Under Siege

Under Siege

By Danièle Cybulskie

I mentioned in an earlier post that sieges were much more common than the more familiar pitched battles we so often see in the movies, since the outcome was much less variable. A town or castle that is besieged almost always falls, sooner or later, while a battle in the middle of a field could go either way, depending on many more factors. In case you imagine a siege to be much less exciting than a pitched battle, I’m adding a video from The Lord of the Rings: The Return of the King to illustrate a siege for you. As I have mentioned before, J.R.R. Tolkien was a medievalist, himself, and borrowed many of his ideas from history. Although there were no mythical creatures in medieval sieges, this is a pretty good example of a siege in action. Much of my knowledge (and much of the information in today’s blog) comes from a really fantastic book: Fighting Techniques of the Medieval World, by Matthew Bennet et al. (This book even includes walk-throughs of some of the most famous medieval battles.) If you’re interested in medieval warfare, check this book out.

Sieges had been going on for thousands of years before the Middle Ages, and many of the tactics used in the Middle Ages derived from the ancient world. So, how does one attack a walled city successfully? The easiest way is, of course, to trick someone into letting you in (witness the Trojan Horse), or you could simply wait and starve out the city (another popular tactic). Much more exciting and honourable, however, is to breach the city through force.

The city you see in the video, the fictional Minas Tirith, is built like many well-fortified medieval cities, with walls in concentric circles, the castle in the middle, and a natural, geographical feature guarding one side. This allowed citizens to fall back behind wall after wall as they were being attacked, until the last place of retreat was the smaller (and therefore much more defensible) castle itself. To give you an indication of how serious medieval people were about building defensive walls, castles could have walls that were up to fifteen feet thick.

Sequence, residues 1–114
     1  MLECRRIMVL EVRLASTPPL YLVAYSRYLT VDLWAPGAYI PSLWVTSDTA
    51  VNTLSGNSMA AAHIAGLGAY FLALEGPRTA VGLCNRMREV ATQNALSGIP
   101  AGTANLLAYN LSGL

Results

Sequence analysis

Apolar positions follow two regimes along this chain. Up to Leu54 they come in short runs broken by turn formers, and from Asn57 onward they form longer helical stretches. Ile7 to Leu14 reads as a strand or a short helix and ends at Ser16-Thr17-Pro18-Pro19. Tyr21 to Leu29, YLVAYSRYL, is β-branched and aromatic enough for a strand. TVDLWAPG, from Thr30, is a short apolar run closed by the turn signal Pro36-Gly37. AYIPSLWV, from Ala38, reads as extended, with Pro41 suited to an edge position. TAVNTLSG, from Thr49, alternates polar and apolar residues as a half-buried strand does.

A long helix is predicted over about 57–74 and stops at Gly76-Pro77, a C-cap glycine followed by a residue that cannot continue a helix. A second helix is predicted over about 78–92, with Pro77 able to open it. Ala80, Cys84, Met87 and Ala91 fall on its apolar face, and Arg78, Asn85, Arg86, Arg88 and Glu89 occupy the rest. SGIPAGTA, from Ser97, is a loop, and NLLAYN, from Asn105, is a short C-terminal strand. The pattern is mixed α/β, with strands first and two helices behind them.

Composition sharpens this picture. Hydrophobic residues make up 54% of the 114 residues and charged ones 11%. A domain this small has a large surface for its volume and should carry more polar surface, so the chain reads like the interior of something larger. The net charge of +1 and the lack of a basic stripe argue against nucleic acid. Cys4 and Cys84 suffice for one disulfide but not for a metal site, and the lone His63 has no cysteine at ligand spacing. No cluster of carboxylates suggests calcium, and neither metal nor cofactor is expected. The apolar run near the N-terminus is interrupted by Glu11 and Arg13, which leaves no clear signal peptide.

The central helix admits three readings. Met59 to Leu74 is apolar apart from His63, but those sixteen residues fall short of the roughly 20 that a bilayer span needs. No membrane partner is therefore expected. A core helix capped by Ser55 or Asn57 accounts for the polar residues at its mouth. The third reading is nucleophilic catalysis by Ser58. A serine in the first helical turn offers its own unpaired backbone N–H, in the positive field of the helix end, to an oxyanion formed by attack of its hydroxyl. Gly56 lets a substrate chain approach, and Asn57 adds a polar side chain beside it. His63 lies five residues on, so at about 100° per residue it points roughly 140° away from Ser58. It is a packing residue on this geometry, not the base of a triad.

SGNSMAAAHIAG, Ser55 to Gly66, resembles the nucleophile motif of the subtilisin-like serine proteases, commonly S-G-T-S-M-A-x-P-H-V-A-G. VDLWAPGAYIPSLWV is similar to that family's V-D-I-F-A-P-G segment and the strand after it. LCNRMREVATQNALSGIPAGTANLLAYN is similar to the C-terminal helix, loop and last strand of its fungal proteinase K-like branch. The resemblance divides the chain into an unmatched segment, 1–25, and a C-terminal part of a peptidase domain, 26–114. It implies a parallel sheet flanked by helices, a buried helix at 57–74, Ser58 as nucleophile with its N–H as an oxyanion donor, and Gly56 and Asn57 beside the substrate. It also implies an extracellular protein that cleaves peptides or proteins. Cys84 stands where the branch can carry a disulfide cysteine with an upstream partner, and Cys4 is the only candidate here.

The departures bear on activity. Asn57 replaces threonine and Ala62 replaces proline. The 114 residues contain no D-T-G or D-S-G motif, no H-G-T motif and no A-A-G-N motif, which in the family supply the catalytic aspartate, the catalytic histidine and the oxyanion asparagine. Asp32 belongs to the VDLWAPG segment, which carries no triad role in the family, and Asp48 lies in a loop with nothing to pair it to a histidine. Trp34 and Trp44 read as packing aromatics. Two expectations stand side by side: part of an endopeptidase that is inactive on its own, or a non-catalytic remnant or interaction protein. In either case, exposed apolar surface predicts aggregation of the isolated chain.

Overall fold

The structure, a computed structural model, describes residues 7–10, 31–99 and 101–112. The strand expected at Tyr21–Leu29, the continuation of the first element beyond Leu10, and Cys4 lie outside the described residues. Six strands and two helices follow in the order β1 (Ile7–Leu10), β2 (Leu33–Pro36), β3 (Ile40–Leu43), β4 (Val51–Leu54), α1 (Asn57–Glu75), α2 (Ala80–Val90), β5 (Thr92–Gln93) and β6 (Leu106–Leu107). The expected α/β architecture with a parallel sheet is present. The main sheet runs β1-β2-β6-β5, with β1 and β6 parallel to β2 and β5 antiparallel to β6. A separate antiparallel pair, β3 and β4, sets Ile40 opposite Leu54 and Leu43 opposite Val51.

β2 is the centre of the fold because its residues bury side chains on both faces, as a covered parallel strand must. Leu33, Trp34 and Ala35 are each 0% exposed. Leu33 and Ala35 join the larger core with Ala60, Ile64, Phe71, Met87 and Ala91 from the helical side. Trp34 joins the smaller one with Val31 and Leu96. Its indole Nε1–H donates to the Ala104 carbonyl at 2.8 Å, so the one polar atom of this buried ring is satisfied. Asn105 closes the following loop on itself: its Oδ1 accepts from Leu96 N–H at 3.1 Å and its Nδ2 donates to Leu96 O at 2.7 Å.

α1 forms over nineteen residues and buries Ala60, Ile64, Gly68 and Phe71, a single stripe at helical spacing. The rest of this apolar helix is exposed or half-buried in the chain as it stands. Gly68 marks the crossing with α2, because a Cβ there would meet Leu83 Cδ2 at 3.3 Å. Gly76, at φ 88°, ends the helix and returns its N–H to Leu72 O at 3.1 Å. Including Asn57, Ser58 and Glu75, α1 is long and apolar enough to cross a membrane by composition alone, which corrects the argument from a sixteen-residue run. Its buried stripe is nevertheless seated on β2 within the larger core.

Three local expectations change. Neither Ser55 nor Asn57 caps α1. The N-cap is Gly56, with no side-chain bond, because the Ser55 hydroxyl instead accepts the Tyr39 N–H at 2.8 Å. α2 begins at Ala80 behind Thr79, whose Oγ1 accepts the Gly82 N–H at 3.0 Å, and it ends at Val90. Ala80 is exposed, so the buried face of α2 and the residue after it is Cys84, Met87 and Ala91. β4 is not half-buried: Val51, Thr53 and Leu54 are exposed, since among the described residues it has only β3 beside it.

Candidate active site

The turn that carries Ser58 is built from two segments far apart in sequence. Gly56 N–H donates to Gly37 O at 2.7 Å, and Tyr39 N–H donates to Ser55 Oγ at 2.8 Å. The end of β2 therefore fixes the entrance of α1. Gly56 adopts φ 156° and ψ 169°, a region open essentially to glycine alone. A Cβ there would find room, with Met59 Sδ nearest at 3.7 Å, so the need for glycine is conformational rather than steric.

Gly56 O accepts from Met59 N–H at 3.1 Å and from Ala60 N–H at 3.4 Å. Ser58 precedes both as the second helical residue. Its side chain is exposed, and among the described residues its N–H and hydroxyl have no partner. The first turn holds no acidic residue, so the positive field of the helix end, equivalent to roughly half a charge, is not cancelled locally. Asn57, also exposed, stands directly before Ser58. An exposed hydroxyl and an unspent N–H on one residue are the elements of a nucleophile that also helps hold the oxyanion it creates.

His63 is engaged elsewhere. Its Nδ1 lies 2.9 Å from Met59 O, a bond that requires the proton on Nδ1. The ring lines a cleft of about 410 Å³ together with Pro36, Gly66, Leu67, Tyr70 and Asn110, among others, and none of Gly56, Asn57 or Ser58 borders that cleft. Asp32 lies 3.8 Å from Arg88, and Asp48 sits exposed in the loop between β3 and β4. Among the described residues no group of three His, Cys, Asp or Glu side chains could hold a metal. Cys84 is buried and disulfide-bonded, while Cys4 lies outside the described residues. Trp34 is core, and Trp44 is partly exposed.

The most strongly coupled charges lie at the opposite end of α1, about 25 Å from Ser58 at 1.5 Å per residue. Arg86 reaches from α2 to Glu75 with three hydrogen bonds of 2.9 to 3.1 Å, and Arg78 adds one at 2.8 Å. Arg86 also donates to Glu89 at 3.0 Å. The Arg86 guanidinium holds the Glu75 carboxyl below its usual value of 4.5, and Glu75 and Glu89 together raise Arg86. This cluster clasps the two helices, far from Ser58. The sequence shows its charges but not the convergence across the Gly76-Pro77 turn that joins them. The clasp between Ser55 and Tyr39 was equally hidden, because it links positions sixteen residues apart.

At about 0:39 in the video, you can see Minas Tirith does not have a flat wall to defend it. There are a few towers built into the wall, as well as an overhang along the flat part. The towers you can sometimes see at intervals in medieval walls were more often round than square (like the ones on Minas Tirith’s wall). The reason for this is that corners are very vulnerable to attack, and a round tower eliminates this problem. As for the overhanging section (the “machicolation”), this allowed defenders to drop objects on their attackers; objects such as rocks, refuse, and – you guessed it – boiling oil.

In general, there are three ways to attack a wall: go over it, go under it, or go through it. Attackers could go over the walls using a great many ladders at once, sometimes with grappling hooks on the end, so that the enemy would be too overwhelmed to quickly push all the ladders off the walls. Medieval people also used belfries: movable towers that could be pushed up to the walls of a city. These towers could be several stories high, filled with archers prepared to go up and over the city wall. In the Minas Tirith video below, you can see belfries approaching the wall at 1:57, and you can briefly see the back of a belfry at 2:09, just before it is obliterated. Since belfries were wooden structures, they would be covered with animal hides to protect them from fire. Belfries were a successful way of getting people over defensive walls, but they had another purpose: disguising attempts to go under them.